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PurposePatients with novel coronavirus disease (COVID-19) frequently develop acute respiratory distress syndrome (ARDS) and need invasive ventilation. The potential to reaerate consolidated lung tissue in COVID-19-related ARDS is heavily debated. This study assessed the potential to reaerate lung consolidations in patients with COVID-19-related ARDS under invasive ventilation.Materials and methodsThis was a retrospective analysis of patients with COVID-19-related ARDS who underwent chest computed tomography (CT) at low positive end-expiratory pressure (PEEP) and after a recruitment maneuver at high PEEP of 20 cm H2O. Lung reaeration, volume, and weight were calculated using both CT scans. CT scans were performed after intubation and start of ventilation (early CT), or after several days of intensive care unit admission (late CT).ResultsTwenty-eight patients were analyzed. The median percentages of reaerated and nonaerated lung tissue were 19% [interquartile range, IQR: 10 to 33] and 11% [IQR: 4 to 15] for patients with early and late CT scans, respectively (P=0.049). End-expiratory lung volume showed a median increase of 663 mL [IQR: 483 to 865] and 574 mL [IQR: 292 to 670] after recruitment for patients with early and late CT scans, respectively (P=0.43). The median decrease in lung weight attributed to nonaerated lung tissue was 229 g [IQR: 165 to 376] and 171 g [IQR: 81 to 229] after recruitment for patients with early and late CT scans, respectively (P=0.16).ConclusionsThe majority of patients with COVID-19-related ARDS undergoing invasive ventilation had substantial reaeration of lung consolidations after recruitment and ventilation at high PEEP. Higher PEEP can be considered in patients with reaerated lung consolidations when accompanied by improvement in compliance and gas exchange.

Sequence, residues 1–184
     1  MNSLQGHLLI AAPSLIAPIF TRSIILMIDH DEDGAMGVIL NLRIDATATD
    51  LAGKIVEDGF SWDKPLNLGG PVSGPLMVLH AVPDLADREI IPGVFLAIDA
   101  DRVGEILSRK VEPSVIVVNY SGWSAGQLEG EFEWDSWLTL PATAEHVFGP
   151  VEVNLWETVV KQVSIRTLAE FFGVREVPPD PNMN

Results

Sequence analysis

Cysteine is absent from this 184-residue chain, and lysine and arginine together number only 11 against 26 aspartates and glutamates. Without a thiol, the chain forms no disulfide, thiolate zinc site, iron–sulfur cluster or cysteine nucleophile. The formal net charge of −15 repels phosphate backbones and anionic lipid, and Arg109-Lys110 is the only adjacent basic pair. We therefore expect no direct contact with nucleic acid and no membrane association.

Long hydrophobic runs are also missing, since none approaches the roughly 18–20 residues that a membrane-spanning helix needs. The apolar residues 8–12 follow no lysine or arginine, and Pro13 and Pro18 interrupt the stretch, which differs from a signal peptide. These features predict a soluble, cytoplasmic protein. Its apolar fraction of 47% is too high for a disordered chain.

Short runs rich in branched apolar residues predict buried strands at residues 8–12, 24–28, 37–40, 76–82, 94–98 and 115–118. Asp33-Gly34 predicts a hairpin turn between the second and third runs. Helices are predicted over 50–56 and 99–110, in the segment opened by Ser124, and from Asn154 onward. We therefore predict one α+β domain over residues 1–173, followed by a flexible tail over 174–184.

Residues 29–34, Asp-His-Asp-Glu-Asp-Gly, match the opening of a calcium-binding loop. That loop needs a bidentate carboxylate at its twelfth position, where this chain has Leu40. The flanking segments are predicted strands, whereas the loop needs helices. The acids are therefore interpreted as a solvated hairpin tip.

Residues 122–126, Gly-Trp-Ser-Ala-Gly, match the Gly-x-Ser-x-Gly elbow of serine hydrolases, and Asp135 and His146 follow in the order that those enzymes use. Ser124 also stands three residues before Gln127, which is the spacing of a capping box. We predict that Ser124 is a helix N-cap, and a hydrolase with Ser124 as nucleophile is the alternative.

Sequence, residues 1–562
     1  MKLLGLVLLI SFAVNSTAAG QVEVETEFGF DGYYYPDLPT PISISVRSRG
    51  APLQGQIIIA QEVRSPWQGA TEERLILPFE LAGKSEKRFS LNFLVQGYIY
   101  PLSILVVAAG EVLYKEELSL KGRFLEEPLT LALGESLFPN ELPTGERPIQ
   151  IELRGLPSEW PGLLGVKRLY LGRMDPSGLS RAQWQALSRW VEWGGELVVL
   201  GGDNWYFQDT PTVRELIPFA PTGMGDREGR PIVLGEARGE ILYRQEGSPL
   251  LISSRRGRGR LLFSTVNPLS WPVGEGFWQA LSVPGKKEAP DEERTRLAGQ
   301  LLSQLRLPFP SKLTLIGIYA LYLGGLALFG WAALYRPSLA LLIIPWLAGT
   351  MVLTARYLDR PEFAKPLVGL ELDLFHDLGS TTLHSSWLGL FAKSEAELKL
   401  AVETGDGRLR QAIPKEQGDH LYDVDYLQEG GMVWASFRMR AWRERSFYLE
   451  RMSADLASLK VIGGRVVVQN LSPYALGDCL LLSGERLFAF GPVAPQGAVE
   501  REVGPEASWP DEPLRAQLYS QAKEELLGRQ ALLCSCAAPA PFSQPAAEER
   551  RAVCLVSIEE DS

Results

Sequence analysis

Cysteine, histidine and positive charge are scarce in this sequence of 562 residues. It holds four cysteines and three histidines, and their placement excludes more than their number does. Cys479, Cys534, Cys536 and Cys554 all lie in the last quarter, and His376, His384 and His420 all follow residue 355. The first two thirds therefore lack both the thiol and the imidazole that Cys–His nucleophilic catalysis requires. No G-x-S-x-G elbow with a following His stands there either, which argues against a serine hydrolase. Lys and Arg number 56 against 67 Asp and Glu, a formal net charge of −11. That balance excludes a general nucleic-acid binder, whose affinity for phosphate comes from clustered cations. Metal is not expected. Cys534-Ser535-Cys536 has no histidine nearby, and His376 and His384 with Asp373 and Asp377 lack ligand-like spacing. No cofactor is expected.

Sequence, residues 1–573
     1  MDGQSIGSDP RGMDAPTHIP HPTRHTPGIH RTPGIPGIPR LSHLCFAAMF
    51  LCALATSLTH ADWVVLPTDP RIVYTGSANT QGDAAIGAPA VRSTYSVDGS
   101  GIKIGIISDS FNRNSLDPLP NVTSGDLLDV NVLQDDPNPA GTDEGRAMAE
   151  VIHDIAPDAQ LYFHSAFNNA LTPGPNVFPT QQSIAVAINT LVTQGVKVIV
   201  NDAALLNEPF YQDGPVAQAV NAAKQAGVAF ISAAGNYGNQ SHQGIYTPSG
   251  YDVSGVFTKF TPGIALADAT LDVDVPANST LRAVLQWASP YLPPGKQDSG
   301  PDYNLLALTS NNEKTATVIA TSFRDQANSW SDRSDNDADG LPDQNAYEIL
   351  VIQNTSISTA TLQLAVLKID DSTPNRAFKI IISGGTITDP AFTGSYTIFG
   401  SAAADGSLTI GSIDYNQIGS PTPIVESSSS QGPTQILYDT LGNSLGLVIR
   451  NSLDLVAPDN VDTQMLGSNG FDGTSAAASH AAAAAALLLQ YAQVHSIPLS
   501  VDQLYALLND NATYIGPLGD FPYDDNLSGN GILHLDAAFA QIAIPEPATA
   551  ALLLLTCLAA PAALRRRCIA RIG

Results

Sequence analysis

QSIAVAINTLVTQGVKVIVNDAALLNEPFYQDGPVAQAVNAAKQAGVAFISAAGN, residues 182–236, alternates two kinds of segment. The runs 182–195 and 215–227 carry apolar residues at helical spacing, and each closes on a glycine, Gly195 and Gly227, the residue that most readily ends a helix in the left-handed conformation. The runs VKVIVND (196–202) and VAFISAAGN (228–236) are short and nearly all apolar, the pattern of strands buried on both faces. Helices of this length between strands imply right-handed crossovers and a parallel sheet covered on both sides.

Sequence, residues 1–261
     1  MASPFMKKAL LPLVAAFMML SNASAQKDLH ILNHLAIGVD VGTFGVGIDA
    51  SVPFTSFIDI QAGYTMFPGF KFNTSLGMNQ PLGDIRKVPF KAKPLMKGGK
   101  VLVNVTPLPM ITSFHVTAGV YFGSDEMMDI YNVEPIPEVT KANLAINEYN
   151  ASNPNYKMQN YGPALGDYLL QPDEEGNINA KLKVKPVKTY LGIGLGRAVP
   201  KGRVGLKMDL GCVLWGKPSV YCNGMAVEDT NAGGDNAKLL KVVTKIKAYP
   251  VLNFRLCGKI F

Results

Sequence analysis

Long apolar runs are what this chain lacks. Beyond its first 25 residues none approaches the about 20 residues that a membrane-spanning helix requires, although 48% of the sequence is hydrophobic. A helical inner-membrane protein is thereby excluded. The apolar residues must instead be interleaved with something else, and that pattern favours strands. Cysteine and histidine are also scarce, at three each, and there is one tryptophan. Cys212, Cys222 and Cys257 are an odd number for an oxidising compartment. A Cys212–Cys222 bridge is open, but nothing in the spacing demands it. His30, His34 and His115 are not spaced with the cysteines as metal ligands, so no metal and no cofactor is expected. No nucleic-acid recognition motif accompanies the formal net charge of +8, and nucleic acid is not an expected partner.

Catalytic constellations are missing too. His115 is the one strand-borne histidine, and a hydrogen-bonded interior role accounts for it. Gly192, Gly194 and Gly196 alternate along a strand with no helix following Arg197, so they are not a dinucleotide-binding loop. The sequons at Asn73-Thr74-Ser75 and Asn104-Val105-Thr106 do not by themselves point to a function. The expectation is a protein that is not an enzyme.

Original publication

DOI

10.1097/rti.0000000000000600

Type

Journal

Journal of thoracic imaging

Publication Date

09/2021

Volume

36

Pages

286 - 293

Addresses

Departments of Intensive Care.

Keywords

Lung, Humans, Tomography, X-Ray Computed, Positive-Pressure Respiration, Retrospective Studies, Middle Aged, Female, Male, Respiratory Distress Syndrome, COVID-19